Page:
Such is the global cyber security threat facing the USA, President Trump has declared a state of national emergency.
The head of state has said that the protection of the US nation’s computer networks from “foreign adversaries” is now a priority, although Trump has not yet given the name of any one company posing a threat, BBC news reports.
Most spectators will infer that Chinese telecommunications giant, Huawei, is first at the forefront of president Trump’s mind, especially given the number of concerns raised in the international community over how Beijing could be using the Huawei products and technologies to conduct mass surveillance.
Huawei has been added to its “entity list” by the commerce department, thus banning the company from buying components and technology from the US without government approval.
Huawei has always denied having any part in any surveillance, espionage or sabotage behaviours and insists it does not pass information on to the Communist Party of China.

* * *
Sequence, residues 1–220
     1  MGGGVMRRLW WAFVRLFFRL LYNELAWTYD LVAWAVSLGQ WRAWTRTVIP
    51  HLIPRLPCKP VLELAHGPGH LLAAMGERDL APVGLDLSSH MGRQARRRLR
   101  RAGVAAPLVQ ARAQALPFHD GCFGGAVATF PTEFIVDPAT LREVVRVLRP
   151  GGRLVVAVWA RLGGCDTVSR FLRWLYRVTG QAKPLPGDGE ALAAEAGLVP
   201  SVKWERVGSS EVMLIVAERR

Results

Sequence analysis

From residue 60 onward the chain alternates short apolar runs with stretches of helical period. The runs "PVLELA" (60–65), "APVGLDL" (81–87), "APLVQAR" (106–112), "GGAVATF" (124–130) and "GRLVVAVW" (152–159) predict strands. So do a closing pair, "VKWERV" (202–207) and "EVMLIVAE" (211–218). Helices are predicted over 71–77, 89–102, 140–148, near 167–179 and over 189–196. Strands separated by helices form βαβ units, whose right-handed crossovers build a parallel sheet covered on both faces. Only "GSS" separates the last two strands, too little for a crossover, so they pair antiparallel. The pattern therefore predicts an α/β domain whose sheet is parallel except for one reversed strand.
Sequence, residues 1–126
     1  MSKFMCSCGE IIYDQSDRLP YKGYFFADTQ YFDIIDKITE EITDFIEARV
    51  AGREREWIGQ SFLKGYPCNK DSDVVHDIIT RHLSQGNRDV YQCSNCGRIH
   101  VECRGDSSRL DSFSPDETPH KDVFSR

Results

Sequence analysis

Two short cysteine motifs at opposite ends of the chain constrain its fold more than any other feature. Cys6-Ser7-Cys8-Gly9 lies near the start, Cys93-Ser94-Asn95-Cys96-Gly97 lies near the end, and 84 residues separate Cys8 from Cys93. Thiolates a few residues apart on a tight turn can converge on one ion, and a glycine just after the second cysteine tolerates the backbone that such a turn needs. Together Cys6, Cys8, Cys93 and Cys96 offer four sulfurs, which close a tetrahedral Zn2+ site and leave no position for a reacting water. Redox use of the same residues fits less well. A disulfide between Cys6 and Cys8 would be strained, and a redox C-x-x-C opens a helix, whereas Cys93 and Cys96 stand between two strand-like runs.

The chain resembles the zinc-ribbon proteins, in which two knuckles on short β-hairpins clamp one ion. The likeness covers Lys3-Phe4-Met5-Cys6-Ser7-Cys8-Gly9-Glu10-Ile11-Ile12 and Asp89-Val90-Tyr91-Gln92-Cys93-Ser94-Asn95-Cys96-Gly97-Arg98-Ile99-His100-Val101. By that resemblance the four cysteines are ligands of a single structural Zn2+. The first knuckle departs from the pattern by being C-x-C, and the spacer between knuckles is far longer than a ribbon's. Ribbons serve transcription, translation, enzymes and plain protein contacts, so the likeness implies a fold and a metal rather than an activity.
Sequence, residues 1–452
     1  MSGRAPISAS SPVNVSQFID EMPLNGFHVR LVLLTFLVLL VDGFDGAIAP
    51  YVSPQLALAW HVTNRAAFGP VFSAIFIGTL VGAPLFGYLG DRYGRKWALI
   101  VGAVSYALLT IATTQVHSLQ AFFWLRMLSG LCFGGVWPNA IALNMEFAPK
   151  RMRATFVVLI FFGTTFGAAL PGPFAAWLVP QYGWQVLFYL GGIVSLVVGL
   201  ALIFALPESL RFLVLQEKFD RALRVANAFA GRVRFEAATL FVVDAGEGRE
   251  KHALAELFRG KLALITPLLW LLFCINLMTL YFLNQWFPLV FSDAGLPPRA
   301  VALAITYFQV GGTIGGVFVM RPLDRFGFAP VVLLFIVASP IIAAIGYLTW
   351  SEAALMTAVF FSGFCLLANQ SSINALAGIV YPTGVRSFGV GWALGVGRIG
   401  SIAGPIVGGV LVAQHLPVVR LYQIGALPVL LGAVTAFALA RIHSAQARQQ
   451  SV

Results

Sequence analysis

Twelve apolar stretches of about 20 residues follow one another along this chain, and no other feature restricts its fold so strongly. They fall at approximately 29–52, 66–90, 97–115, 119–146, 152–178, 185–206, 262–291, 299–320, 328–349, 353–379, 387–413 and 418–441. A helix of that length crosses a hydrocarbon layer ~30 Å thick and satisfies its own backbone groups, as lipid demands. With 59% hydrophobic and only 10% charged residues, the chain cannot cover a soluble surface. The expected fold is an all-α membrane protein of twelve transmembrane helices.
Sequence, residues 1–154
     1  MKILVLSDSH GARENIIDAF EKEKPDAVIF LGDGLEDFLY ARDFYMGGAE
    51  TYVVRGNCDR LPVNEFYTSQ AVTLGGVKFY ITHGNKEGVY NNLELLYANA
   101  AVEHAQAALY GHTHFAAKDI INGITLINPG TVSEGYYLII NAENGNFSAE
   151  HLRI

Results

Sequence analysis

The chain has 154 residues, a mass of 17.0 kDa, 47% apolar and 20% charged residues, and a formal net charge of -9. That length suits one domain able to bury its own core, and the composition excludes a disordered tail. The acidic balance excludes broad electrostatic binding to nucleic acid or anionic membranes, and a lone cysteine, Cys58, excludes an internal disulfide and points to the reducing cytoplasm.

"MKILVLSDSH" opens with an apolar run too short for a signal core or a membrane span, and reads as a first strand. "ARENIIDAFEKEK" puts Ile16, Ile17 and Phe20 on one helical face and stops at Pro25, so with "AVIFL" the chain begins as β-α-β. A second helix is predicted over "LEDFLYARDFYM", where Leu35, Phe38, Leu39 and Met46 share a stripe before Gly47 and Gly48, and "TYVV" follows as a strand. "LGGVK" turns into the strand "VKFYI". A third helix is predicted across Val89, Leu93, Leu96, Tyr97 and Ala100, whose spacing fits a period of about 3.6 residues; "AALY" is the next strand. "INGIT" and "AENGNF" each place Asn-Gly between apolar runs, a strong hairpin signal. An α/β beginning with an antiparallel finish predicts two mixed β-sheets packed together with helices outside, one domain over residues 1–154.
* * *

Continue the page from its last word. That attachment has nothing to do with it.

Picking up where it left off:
A statement coming from the US government says:
“The President has made it clear that this Administration will do what it takes to keep America safe and prosperous, and to protect America from foreign adversaries who are actively and increasingly creating and exploiting vulnerabilities in information and communications technology infrastructure and services in the United States.
“This Executive Order declares a national emergency with respect to the threats against information and communications technology and services in the United States,” it continues.
Powers have now been delegated to the secretary of commerce, Wilbur Ross, to “prohibit transactions posing an unacceptable risk to the national security.”
Ajit Pai, chairman of the Federal Communications Commission has given Mr Trump’s move his approval, describing it as a “significant step toward securing America’s networks.”
In response to the news, Huawei stated:
“Restricting Huawei from doing business in the US will not make the US more secure or stronger.
“Instead this will only serve to limit the US to inferior yet more expensive alternatives, leaving the US lagging behind in 5G deployment, and eventually harming the interests of US companies and consumers.”
Chinese foreign affairs spokesman Gen Shuang said:
“We urge the US side to stop oppressing Chinese companies under the pretext of security concerns and provide a fair, just and non-discriminatory environment for their normal investment and operation.”
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